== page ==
explorations of mindful fatherhood


My Son’s Just Not That Into Yours

kids arguing

My question is this: When should we as parents intervene at the parent-to-parent level, and when should we simply coach our kids to navigate their own relationships?

My neighbor is such a pain that I’ve considered dedicating a separate blog to my conflicts with him. Instead, I hold back and relegate a few choice posts to our ongoing feuds. The latest conversation with him was an interesting mix of land disputes, fatherhood, and childhood friendship.

The guy next door was in a tizzy about the way I raked my leaves, and started bullying me about how I had to remove them from a certain wooded area of my lot, sending me emails citing town ordinances. After I corrected his misinterpretation of the law, he explained that his beef had more to do with “unresolved issues” than it did with the leaves, so he invited a conversation.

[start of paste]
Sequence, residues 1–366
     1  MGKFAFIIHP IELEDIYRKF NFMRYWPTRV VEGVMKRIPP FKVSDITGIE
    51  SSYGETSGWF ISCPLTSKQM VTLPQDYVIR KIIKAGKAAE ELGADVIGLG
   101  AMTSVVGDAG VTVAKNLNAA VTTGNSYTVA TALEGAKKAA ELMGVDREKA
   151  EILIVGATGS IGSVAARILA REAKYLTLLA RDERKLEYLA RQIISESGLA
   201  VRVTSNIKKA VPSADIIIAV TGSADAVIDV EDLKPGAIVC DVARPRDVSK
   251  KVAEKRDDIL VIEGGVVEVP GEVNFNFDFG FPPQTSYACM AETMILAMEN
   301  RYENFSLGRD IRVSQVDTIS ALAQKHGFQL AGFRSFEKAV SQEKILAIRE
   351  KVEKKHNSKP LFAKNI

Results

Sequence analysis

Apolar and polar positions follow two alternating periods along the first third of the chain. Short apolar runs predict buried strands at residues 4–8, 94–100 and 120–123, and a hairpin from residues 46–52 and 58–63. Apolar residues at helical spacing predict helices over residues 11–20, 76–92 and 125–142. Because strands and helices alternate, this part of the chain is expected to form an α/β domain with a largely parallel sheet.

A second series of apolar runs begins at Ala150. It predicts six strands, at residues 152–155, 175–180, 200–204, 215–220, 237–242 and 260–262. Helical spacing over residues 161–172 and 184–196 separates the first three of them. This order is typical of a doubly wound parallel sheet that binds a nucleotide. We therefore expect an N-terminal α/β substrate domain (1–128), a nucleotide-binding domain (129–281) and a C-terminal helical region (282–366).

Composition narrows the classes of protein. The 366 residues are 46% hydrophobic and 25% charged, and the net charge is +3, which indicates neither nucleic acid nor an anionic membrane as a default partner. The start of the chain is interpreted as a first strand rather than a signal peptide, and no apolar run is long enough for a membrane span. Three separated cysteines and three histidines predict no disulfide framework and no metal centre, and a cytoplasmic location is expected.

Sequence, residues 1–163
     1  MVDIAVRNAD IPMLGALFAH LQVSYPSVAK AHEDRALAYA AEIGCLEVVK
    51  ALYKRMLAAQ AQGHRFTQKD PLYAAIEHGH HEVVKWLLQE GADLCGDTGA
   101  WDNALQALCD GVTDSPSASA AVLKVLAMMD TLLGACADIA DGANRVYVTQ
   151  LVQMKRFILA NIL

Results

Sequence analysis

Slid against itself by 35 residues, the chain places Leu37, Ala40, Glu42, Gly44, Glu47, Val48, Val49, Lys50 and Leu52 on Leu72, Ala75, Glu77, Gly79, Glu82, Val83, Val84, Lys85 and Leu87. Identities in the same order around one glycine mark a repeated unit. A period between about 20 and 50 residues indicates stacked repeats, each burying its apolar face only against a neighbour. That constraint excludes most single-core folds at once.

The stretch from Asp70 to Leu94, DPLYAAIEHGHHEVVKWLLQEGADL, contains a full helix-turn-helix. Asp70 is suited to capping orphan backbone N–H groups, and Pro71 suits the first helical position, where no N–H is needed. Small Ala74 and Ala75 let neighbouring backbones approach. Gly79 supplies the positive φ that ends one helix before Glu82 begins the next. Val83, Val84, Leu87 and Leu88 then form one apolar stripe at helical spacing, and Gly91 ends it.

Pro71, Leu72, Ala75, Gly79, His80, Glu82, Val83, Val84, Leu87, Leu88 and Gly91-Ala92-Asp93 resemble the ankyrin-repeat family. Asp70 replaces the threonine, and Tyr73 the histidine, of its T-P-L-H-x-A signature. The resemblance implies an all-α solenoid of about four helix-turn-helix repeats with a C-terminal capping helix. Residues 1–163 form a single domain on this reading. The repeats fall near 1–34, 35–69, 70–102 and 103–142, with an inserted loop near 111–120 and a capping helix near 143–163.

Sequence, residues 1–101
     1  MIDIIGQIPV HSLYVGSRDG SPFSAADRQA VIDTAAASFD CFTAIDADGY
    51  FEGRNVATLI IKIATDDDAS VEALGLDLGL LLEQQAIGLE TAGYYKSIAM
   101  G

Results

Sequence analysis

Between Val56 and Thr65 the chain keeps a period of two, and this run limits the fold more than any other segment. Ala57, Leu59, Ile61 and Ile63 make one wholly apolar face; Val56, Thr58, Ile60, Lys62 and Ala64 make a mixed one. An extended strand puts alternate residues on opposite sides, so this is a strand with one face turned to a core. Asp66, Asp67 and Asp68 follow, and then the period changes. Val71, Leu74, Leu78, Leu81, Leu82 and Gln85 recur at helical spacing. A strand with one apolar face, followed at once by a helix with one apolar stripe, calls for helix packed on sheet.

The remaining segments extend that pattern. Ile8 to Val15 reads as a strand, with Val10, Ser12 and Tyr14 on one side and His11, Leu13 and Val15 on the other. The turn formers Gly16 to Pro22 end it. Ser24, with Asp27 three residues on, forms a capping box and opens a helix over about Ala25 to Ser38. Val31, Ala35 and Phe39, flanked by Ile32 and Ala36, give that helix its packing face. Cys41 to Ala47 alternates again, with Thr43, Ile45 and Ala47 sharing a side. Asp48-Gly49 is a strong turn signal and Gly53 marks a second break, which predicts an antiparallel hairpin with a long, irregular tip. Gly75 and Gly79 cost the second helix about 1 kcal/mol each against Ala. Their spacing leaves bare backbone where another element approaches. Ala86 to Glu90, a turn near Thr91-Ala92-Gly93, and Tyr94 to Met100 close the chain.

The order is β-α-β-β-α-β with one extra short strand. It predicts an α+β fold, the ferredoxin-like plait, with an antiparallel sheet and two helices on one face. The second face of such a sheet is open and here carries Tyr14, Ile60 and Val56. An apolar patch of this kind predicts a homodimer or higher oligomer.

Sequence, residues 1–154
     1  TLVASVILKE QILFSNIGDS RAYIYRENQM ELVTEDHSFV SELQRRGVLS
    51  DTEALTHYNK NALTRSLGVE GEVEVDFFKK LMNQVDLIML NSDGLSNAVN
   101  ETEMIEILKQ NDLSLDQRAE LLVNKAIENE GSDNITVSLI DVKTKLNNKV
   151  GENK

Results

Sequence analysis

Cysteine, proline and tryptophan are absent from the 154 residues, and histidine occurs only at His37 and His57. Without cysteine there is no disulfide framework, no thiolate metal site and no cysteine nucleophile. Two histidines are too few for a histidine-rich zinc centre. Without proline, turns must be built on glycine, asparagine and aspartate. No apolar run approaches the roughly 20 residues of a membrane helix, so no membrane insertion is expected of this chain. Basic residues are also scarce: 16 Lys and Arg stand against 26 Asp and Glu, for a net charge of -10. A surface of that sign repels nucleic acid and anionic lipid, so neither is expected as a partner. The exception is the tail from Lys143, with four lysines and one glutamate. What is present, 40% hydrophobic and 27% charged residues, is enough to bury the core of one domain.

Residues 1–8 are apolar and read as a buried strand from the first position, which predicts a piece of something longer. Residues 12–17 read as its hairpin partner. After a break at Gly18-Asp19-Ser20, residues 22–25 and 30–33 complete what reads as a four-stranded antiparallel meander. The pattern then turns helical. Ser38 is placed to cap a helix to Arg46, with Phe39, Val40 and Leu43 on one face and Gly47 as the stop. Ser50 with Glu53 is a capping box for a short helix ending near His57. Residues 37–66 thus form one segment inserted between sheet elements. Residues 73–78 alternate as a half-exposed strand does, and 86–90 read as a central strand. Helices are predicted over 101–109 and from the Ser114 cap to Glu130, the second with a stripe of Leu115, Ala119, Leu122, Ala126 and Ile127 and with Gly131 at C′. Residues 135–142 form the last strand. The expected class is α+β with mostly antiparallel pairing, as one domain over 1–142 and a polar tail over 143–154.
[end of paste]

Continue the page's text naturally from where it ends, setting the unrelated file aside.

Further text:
Turned out he was concerned about the disintegration of his son’s relationship with my son. My son hadn’t played with his son since the beginning of the summer, and my neighbor felt as though I had turned my son away from his. The back-story is that his son and mine played together for about a year. His son is a little socially awkward and a bit of a trouble-maker. He would frequently refuse to go home when his parents asked for him or would ignore my or my wife’s redirections if he was breaking our house rules. Nothing too egregious, to the point of us having a sit-down with parents, but enough to be annoying. The kid also had a butt fascination, frequently trying to hit people in their’s during light sabre battles, ramming his head into my wife’s butt, and investigating the butts of our pets. Simply put, he’s a little weird.